• TABLE OF CONTENTS PIn This Study 5Methodology ............................................................................................................................................. 5S i t u a t i o n O ve r vi ew 6Introduction............................................................................................................................................... 6Market Strategies...................................................................................................................................... 8Future Outlook 11IDC MarketScape U.S. Open Systems VTL Market Vendor Assessment................................................. 11Vendor Summary Analysis ....................................................................................................................... 12Essential Guidance 21Learn More 23Related Research ..................................................................................................................................... 23#219914 ©2009 IDC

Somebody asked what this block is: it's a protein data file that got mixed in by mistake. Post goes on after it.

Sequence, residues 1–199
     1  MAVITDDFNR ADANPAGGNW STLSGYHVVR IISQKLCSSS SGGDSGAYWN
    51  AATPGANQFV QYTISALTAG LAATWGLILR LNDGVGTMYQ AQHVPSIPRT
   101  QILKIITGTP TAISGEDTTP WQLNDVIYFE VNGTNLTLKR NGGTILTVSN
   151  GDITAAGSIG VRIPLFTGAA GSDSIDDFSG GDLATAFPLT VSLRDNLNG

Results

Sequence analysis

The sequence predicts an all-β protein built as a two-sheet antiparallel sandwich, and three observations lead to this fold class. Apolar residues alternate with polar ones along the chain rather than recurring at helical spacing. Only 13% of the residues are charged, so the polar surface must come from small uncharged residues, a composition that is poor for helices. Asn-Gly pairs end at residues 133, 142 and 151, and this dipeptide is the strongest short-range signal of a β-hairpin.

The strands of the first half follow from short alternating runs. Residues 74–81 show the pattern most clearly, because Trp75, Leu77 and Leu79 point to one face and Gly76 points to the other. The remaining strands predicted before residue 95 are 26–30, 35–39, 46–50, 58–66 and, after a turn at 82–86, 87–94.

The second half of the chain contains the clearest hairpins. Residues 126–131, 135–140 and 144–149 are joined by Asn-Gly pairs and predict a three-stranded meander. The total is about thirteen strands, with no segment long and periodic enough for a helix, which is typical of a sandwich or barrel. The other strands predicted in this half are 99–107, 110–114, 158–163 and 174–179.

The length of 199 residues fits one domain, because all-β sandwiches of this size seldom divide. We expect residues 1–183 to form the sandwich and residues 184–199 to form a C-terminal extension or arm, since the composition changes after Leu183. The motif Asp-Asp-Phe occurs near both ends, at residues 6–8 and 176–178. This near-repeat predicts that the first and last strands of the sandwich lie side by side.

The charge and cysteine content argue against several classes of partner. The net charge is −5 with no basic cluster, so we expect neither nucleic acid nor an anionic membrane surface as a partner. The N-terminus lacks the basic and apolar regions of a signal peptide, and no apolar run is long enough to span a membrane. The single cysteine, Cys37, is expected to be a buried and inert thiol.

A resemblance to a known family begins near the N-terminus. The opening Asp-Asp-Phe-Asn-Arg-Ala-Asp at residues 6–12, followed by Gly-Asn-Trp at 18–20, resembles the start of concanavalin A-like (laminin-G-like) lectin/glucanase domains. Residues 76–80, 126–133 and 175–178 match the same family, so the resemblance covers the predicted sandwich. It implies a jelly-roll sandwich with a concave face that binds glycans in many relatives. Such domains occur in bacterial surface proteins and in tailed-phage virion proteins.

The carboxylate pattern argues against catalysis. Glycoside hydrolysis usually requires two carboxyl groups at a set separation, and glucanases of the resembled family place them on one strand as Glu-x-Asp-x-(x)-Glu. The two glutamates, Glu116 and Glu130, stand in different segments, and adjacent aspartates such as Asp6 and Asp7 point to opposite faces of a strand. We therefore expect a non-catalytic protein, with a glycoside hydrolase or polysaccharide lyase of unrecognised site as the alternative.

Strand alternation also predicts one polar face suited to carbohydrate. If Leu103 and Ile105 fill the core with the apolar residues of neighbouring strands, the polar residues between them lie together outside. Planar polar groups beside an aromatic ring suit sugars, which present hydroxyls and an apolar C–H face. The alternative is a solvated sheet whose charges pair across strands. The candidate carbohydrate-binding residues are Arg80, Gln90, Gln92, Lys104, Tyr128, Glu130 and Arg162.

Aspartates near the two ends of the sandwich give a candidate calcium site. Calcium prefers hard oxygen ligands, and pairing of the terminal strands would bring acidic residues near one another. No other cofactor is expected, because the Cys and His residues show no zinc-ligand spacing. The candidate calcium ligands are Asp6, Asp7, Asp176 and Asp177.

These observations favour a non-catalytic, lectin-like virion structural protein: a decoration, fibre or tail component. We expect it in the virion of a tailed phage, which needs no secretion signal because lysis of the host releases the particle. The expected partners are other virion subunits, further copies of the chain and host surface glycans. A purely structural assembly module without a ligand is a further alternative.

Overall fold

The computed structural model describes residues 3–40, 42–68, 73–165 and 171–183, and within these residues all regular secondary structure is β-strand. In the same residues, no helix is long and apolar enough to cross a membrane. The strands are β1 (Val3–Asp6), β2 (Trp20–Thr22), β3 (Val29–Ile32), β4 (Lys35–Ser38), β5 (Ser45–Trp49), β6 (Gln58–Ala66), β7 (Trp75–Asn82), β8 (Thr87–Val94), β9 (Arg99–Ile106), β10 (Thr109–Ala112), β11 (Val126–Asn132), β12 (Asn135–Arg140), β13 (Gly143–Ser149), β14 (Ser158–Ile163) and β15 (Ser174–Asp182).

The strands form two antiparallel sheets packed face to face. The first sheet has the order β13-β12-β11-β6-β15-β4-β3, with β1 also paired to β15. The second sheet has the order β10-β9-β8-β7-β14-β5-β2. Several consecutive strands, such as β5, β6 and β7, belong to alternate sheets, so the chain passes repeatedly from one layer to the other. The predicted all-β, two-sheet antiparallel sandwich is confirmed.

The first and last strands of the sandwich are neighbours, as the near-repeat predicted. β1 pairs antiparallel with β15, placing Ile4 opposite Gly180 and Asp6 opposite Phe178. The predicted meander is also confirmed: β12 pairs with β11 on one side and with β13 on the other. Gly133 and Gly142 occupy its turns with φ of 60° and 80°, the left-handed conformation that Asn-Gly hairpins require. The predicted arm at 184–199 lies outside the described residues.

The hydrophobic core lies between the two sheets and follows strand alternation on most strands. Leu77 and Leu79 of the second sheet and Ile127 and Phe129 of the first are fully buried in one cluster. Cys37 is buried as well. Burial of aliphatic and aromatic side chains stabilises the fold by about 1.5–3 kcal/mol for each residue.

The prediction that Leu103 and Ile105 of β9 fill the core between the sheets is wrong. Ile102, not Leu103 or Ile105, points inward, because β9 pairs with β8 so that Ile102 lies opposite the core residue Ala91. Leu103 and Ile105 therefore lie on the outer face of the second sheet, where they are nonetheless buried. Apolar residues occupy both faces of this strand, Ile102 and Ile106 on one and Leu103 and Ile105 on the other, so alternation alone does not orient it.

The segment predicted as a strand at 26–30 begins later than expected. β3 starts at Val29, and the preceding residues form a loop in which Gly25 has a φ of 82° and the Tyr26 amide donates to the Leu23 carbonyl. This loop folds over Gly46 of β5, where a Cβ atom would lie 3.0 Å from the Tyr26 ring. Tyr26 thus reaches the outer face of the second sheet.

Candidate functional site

• LIST OF TABLES P 1 Key Strategy Measures for Success: U.S. Open Systems VTL Market ....................................... 8 2 Key Capability Measures for Success: U.S. Open Systems VTL Market ..................................... 10©2009 IDC #219914
    • LIST OF FIGURES P 1 IDC MarketScape U.S. Open Systems VTL Vendor Assessment ................................................ 12#219914 ©2009 IDC